Samantha Morton has said she’ll never work for the BBC again if the Corporation fails to broadcast an emergency appeal for help in Gaza.

The 31-year-old actress – a Golden Globe winner and Oscar nominee – led a string of celebrities at a London fundraiser for the British Aid Agency Medical Aid for Palestinians (MAP).

The Longford star, who appeared in the BBC’s production of The History of Tom Jones, a Foundling, said she was embarrassed to earn money from a corporation that would take such an “horrific” and “disgusting” decision.

The BBC has decided not to show the appeal, saying it would compromise the Corporation’s impartiality.

But Samantha wanted to know how the appeal by the Disasters Emergency Committee (DEC) was different to Comic Relief or Children in Need.

“I’m shocked and appalled,” said the star. “I’ve worked for the BBC since I was a small child. As a public service they’ve got it very wrong. I’m not as articulate about this as I would like to be because I’m so appalled. I will never work for the BBC again unless they change their mind.”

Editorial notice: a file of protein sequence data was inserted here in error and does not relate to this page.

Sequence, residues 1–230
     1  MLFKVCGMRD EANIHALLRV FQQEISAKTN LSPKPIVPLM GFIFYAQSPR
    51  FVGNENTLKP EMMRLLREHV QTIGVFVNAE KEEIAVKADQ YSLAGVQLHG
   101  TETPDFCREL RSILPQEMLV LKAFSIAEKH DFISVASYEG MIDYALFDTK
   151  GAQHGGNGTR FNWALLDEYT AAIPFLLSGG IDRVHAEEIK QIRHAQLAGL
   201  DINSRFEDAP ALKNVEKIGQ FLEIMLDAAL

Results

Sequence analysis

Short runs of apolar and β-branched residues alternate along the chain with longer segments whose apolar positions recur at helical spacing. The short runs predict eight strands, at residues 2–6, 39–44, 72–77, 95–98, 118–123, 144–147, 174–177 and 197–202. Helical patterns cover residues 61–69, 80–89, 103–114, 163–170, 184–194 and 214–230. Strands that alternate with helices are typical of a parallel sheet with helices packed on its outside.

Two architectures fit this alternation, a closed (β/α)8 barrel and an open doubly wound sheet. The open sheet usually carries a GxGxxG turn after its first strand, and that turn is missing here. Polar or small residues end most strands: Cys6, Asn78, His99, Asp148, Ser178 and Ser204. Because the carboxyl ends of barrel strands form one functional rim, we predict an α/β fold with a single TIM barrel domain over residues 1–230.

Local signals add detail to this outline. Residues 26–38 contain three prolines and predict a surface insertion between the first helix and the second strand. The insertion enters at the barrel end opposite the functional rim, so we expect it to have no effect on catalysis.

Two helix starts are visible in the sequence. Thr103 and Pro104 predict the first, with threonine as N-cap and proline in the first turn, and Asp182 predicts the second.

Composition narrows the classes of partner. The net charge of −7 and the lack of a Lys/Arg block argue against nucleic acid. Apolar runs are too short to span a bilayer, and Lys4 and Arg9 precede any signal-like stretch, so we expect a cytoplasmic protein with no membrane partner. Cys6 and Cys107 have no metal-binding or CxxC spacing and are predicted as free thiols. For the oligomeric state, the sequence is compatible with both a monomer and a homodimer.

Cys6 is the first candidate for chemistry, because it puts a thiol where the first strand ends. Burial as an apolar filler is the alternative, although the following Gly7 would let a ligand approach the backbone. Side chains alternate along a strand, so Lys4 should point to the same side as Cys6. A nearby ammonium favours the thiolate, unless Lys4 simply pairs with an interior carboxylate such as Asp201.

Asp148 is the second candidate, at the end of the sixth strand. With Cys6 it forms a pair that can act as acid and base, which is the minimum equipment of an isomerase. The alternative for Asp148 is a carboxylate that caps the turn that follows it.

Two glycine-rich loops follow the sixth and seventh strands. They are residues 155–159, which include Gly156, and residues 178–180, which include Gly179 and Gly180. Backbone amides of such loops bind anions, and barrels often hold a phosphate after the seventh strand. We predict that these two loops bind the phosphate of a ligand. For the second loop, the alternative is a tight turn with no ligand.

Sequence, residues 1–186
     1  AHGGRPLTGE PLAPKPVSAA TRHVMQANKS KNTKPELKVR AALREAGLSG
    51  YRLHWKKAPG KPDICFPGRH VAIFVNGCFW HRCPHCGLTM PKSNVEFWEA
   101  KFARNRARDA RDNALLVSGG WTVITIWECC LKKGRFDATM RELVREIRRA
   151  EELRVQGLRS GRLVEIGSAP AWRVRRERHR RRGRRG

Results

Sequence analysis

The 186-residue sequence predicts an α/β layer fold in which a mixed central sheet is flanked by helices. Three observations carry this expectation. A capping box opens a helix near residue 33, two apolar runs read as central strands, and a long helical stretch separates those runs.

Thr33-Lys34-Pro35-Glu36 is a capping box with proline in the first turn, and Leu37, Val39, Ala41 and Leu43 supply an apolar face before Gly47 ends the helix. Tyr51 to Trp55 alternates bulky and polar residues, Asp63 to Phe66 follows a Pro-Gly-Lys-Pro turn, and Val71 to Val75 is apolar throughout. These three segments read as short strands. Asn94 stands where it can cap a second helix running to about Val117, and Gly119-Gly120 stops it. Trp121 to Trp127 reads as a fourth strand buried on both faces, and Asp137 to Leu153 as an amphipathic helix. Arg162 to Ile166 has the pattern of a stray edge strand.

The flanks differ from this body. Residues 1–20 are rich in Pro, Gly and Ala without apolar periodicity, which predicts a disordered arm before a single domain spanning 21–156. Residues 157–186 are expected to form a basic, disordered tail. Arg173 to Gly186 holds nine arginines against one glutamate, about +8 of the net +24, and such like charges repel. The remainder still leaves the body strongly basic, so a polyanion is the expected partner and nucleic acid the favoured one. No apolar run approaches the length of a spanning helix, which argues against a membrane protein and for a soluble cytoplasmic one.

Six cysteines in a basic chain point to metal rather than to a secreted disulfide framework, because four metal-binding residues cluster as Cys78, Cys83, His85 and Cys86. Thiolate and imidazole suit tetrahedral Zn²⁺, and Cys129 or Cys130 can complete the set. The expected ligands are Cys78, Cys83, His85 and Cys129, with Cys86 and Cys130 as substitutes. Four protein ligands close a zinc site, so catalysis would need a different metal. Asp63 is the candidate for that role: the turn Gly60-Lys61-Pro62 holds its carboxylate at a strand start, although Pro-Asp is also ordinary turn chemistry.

She went on: “It’s very, very wrong. It’s not a political message. It’s about raising money for children who are dying.

“I’m proud to have worked for the BBC; I’m proud to be British; I’m proud we even have the BBC. But I need them to explain this decision. I reserve the right never to work for that company again if I feel that I’m too embarrassed to support them or earn money from them.”

The actress was speaking at a charity dinner organised by MAP at the Marriott Grosvenor House Hotel on Park Lane.

Later, comedian Mark Steel added that the idea that a televised appeal for help could be political was “just nuts”.

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